When the pipeline is run, it does the following:

  1. Gets the service principal id from the service connection.
  2. Compiles our Bicep into an ARM template
  3. Deploys the compiled ARM template to Azure
  4. Installs the dotnet SDK
  5. Uses the Azure CLI task which allows us to access service principal details in the pipeline to run our dotnet test.

We'll create a pipeline in Azure DevOps pointing to this file, and we'll also create the variables that it depends upon:

  • azureResourceGroup - the name of your resource group in Azure where the app will be deployed
  • location - where your app is deployed, eg northeurope
  • serviceConnection - the name of your AzureRM service connection in Azure DevOps
  • subscriptionId - your Azure subscription id from the Azure Portal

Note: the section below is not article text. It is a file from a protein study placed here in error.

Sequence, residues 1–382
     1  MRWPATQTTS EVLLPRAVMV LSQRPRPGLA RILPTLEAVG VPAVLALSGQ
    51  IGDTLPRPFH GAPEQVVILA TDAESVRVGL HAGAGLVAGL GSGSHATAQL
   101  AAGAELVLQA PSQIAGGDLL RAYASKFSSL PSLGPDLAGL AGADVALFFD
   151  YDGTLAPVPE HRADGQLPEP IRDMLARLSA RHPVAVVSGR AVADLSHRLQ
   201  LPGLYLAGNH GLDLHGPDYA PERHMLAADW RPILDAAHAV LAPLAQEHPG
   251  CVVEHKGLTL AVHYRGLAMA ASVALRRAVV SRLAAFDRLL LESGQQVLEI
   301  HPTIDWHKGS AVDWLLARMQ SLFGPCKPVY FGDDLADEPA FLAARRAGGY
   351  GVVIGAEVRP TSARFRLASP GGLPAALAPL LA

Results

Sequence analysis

• tenantId - the Azure tenant id from the Azure Portal

Running the pipeline#

Now we're ready to run our pipeline:

screenshot of pipeline running successfully

Here we can see that the pipeline runs and the test passes. That means we've successfully provisioned the Event Hub and permissioned our pipeline to be able to access it using Azure RBAC role assignments. We then wrote a test which used the pipeline credentials to interact with the Event Hub. To see the repo that demostrates this, look here.

Just to reiterate: we've demonstrated this approach using Event Hubs. This is a generally useful approach which can be applied to any Azure resources that support Azure RBAC Role Assignments.

Thanks to Jamie McCrindle for helping out with permissioning the service connection / service principal. His post on rotating AZURE_CREDENTIALS in GitHub with Terraform provides useful background for those who would like to do similar permissioning using Terraform.